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I need to get a new display and am thinking of getting a 4K one from Samsung. I know that there is not a whole lot of content out there right now, though this display will hang on my wall for at least 5-6 years so I'd like to try to future proof it with 4K as much as I can. I do have a Sony camera that shoots in 4K Sony-FDR-AX100 (I can't post links since I am a new member here)so I plan on viewing video from it on the TV quite often.

The room that it will be in does get some natural light and the TV will be used for DirecTV, sports, Netflix, and Blu Ray.

1.) Just wondering if anyone has any thoughts on this Samsung 4K TV in either the 55 or 60 inch size:
Samsung UN55HU8550 55-Inch 4K Ultra HD 120Hz 3D Smart LED HDTV
(I can't post links since I am a new member here)

2.) Are there any other TVs in this price range I should consider?


Thanks in advance for any info.
 

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1.) Just wondering if anyone has any thoughts on this Samsung 4K TV in either the 55 or 60 inch size:
Samsung UN55HU8550 55-Inch 4K Ultra HD 120Hz 3D Smart LED HDTV
Hi kat.hayes,

At that size range you're not likely to see any benefit to 4k (not unless your eyesight borders on 20/10). 4k is an outstanding advance for very large screens (100+" diagonal), but offers no advantages that I can think of in normal flat panel sizes.

That's my take on it, anyway.

Yours,

David
 

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Hi David,

Are you saying that even at a larger size of 65-70 inches I would not likely be able to see the visual gains from a 4K feed on a 4K display?

Thank you.
 

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Hi David,

Are you saying that even at a larger size of 65-70 inches I would not likely be able to see the visual gains from a 4K feed on a 4K display?

Thank you.
Hi kat.hayes,

Not unless you sat quite close to the screen, you wouldn't. For 4k really to pay off, you have to be at a distance from the screen where the individual pixels of a regular 1080p TV are noticeable as squares, not just as undifferentiated tiny dots. Even on a 70-inch screen, that's pretty close in.

Where 4k/UHD (same thing) truly comes into its own is at the very large screen sizes, as I mentioned. I imagine that's why the manufacturers are moving to 85-inch, 90-inch, and even larger panels this year; they need to reach sizes where the UHD resolution can make a perceptible difference in picture quality.

Yours,

David
 

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I agree with davidjschenk.

As big as 85" is for any HDTV whether it be 4K or less, it "may" be difficult to fully appreciate 4K's higher resolution over 1080p even at that size unless you sit pretty close to the set which would likely be uncomfortable and/or impractical in most cases.

I'd say an 85" HDTV is where you "may" begin to see a little bit of the benefit of 4K resolution if any but really, you'll likely need 95" + of screen to truly see a difference between an excellent native 1080p source and a native 4K source.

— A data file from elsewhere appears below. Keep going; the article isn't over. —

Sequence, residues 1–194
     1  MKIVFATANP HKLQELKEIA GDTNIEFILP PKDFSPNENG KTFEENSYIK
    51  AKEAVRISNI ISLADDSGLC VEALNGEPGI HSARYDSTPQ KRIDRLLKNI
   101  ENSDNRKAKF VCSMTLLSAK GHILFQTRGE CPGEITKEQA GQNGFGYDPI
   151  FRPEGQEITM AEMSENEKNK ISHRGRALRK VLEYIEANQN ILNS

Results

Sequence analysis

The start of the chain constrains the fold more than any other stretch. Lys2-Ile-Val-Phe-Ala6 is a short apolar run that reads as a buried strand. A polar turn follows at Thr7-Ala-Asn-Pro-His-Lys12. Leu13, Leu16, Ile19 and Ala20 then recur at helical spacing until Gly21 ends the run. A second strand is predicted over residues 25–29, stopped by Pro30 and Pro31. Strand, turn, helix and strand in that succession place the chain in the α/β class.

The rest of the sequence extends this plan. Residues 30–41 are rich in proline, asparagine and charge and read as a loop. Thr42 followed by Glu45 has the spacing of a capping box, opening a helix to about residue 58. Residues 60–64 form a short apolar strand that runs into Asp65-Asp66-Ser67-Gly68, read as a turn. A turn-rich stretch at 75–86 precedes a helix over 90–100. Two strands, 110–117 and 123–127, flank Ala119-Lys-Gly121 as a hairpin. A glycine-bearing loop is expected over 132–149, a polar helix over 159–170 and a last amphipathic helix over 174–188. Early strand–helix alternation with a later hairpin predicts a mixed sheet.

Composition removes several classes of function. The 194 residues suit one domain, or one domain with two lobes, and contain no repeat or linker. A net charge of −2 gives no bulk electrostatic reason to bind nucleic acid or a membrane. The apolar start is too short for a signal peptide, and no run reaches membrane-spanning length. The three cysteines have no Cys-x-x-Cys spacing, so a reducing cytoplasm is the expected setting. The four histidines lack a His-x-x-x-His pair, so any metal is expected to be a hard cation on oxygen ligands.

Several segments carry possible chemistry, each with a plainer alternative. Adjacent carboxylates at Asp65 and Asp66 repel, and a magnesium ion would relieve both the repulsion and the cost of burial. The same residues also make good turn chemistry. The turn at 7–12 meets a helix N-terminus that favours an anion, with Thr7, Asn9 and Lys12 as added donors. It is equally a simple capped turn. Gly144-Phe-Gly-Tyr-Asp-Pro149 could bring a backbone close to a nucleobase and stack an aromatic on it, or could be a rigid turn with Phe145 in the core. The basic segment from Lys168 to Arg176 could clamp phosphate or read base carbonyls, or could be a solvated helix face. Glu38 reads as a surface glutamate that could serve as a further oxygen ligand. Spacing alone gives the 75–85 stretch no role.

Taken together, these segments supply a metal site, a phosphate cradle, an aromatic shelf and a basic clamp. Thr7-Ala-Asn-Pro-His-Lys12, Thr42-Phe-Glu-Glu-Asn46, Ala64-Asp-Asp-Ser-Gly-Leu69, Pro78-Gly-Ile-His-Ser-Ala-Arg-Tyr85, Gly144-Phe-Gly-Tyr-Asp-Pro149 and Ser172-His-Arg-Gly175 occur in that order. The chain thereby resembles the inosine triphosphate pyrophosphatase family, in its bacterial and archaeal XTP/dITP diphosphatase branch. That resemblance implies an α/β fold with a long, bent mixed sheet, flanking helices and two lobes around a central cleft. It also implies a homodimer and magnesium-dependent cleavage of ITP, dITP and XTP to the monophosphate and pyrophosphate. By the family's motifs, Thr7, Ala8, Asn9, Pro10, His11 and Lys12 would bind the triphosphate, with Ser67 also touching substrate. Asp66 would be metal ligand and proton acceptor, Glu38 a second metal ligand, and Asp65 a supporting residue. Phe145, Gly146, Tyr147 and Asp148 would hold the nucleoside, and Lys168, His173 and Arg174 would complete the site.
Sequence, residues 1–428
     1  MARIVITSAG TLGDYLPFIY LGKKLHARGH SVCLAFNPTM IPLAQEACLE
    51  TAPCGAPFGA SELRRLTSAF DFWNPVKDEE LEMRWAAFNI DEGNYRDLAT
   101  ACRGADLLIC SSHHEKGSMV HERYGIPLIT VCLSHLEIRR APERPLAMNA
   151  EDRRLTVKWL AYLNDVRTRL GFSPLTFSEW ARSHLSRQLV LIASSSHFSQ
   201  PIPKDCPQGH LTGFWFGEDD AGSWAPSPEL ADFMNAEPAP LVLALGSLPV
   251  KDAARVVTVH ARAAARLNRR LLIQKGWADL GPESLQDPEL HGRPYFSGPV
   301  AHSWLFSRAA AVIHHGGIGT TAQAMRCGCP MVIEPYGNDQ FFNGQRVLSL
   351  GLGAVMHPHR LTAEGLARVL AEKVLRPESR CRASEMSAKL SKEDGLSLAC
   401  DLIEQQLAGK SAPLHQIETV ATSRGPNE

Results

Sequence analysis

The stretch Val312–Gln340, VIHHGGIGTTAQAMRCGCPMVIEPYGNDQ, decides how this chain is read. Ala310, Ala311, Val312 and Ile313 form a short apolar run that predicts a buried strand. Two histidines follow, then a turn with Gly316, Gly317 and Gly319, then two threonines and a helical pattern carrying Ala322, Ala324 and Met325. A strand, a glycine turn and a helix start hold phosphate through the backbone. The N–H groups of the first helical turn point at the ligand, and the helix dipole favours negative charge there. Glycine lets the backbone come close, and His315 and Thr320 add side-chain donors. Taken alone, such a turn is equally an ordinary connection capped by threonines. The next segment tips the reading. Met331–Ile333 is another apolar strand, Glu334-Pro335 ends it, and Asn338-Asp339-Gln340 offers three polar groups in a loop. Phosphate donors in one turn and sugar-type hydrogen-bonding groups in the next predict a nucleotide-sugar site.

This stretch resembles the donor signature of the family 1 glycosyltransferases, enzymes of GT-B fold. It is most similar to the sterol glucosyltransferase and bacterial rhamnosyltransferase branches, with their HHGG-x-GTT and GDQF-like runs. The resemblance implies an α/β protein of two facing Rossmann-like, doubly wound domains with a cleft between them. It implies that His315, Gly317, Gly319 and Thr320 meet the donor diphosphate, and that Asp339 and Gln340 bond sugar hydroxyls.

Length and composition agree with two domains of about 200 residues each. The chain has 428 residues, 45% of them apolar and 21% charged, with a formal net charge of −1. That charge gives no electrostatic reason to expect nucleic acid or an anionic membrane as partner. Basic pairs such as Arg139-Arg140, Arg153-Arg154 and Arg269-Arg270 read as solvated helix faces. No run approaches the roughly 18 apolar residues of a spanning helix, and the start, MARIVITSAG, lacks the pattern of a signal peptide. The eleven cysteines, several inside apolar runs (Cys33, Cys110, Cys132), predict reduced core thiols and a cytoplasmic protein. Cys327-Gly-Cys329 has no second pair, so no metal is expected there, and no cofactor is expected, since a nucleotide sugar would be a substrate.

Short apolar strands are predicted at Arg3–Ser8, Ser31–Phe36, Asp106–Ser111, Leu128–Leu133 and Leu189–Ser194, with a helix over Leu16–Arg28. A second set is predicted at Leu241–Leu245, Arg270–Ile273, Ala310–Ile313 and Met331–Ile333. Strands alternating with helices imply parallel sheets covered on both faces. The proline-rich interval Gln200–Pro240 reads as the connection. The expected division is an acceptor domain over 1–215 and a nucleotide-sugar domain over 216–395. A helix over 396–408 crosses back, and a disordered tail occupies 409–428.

In spite of the all of that, I know it's very difficult not to be highly impressed with a lot of the 4K TVs demoed at Best Buy or elsewhere with their hyper bright, detailed and crystal clear images. Of course they're displaying 4K content that was shot solely for the purpose of showing these TVs at their best and that certainly shows in a lot of what I've seen on sales floors. In fact, it serves it's purpose and makes me really want one in my home. Great marketing! It was the same way when good 1080p sets first hit the market and were shown off displaying high quality 1080p source material except that 1080p is very clearly far superior to 480i at screen sizes above 42" inches or so. The difference between 4K and 2K isn't nearly that obvious unless the screen is HUGE.

If however, you were able to put a 65" 1080p HDTV side by side with a 65" 4K (UHD) TV and display the same exact (shot in 4K) content on both while they were in comparable picture settings/modes and in the same viewing environment, you'd likely have a very hard time seeing any difference in resolution on the 4K set as long as the TVs are of similar quality.

On top of that, at this time the only benefit to 4K is the higher resolution. There is no other benefit over 1080p HDTV other than the higher pixel count which necessitates a much larger screen than even 65" to fully appreciate. There's no benefit to black level, native contrast, color reproduction or any other parameter of picture quality.

Future proofing if possible is of course a great idea. A few of the 4K sets I've seen look fantastic in the store with the 4K material used for demo purposes.

Buying a 4K set isn't really the issue, seeing the benefit of that extra resolution on any screen sizes below 95" is.

Be sure to do your homework on the sets you're considering and try to choose one that has the best possible upscaler. Also, one that rates highly in all other aspects of picture quality such as native contrast, black level performance, motion handling or any other performance parameters that are important to you, your viewing environment and how you watch TV.

Anyway sir, best of luck with your decision and your final choice.
 
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